A: As a volunteer in South America, Peru, you will work alongside international GVI volunteers. This is an opportunity to make international friends for a lifetime. Our GVI team will be available for around-the-clock support to guide volunteers throughout their time on our programs. Our community-based projects will also allow volunteers to work closely with local community members and leaders.
GVI South America volunteering programs
Anyone interested in volunteer work in South America will find plenty of opportunities with GVI. Whether you’re looking to take part in a rainforest conservation program, a teaching project, or if you have an interest in community development, we have a program just for you. Our list of programs in the region is based on needs that the community identifies.
Volunteer work in South America
Amazon rainforest conservation
Travel to central Peru to the Oxapampa-Ashaninky-Yánesha Biosphere Reserve, an area recognised by UNESCO for its rare cloud forest habitat and variety of rainforest species. Here you can spend your time surrounded by the breathtaking scenery and wildlife of the rich canals and tropical rainforest as you explore the Amazon rainforest on our wildlife conservation programs.
You'll have the opportunity to take part in activities such as biodiversity survey training, camera trapping, tracking jungle species and data collection in the cloud forest biome. You might also spot species such as capybara, armadillo, three-toed sloth, jaguar, jaguarundi, ocelot, puma, spectacled bear, andean fox, and brown woolly monkey.
Our teaching program aims to assist children in local schools to speak and understand basic English. Volunteers on this program will support local teachers with English lessons.
Learning to speak and communicate in English is an important skill for community members as it increases their employability in the tourism industry of Oxapampa. This in turn boosts the economic growth for the whole community.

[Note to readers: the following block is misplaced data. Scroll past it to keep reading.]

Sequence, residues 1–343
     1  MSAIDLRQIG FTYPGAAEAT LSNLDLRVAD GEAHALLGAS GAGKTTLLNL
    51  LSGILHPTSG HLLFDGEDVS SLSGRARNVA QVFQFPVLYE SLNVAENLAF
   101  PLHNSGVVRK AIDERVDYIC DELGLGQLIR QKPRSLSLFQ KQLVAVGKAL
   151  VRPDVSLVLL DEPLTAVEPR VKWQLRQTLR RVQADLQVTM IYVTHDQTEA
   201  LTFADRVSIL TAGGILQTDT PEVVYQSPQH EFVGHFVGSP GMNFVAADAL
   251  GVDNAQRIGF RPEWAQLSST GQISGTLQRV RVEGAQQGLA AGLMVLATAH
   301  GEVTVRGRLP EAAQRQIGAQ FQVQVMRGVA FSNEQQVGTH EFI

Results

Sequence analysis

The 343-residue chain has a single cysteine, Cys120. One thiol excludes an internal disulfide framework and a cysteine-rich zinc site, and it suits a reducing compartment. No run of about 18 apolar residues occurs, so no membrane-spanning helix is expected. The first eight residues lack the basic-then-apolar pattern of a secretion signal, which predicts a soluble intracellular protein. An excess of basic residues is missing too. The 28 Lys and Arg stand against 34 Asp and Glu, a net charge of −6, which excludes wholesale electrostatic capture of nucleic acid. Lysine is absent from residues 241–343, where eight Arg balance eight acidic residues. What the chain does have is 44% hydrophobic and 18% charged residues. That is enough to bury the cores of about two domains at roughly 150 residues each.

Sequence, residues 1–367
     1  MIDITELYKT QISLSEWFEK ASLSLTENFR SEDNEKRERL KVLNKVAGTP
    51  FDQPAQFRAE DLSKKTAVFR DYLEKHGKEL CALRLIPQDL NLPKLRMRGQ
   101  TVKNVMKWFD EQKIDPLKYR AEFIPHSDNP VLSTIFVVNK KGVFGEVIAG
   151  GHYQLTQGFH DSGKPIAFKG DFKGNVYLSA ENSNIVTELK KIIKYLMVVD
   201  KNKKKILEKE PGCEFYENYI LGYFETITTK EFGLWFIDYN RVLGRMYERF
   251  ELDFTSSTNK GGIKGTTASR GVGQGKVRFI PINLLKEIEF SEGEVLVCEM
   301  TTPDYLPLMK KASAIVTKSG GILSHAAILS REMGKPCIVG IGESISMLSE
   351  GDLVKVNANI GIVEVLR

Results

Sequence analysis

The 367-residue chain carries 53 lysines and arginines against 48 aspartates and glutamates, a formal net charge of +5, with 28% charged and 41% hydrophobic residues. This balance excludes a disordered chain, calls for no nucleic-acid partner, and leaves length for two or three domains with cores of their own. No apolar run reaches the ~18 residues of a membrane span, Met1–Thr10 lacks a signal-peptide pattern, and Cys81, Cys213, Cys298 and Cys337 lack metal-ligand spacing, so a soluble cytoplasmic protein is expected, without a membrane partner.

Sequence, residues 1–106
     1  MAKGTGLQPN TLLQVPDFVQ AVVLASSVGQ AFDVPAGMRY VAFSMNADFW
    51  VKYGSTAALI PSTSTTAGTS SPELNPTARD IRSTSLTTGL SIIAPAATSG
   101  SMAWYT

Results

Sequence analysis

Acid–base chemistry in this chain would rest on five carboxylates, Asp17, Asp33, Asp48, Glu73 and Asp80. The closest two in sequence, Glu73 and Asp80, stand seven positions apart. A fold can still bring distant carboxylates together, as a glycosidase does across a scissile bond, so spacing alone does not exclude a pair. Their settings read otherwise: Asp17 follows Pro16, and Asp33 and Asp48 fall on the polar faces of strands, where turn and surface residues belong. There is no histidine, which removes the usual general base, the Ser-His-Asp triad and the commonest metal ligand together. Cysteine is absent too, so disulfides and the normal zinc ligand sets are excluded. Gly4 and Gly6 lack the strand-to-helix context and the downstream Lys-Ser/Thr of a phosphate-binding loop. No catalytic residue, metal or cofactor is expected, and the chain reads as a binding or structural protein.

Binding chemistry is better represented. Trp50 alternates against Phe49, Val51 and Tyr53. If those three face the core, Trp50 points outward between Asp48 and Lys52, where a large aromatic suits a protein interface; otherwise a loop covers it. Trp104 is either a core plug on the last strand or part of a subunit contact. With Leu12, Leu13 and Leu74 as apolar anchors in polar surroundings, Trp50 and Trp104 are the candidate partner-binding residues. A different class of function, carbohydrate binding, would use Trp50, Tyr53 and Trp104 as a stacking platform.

Since Spanish is the language spoken by the majority of community members in Oxapampa, participants on this program are required to be able to communicate in Spanish. You can request assistance with booking Spanish lessons when you join a program in Oxapampa.
One of the benefits of this program is that while you teach Spanish-speaking learners to communicate in English, you’ll be able to practise your Spanish skills with them at the same time. Learning to communicate in one another’s languages will strengthen relationships between volunteers and community members, and make the overall working environment more comfortable for everyone involved.
On this program, you will contribute towards quality education, gain valuable teaching experience and practical hours for your future teaching career, and gain skills like intercultural communication and leadership skills. You’ll also learn first-hand about local Peruvian cultures and traditions.
Volunteers on this program will work on initiatives to assist community members to sustain themselves. We offer support to local professionals as they learn English, which will increase their employability in the tourism sector. Learning English makes a positive impact on their businesses by making it easier for them to communicate with English-speaking international clients.
Volunteer work on this program is done in collaboration with community members on locally-led initiatives. The goal of this program is to support the local communities in their journey of self-empowerment. This might include getting involved in conversational English workshops, and facilitating English lessons in schools.
Doing work on this program will also give you the opportunity to gain practical skills to display on your resume. You will also gain personal development skills like leadership, intercultural communication, and problem-solving.
We will provide all the necessary training on base, and you will be guided by our trained professionals. So, if you don’t have these skills before you join a program, you will definitely have them once you leave.
Download our program brochures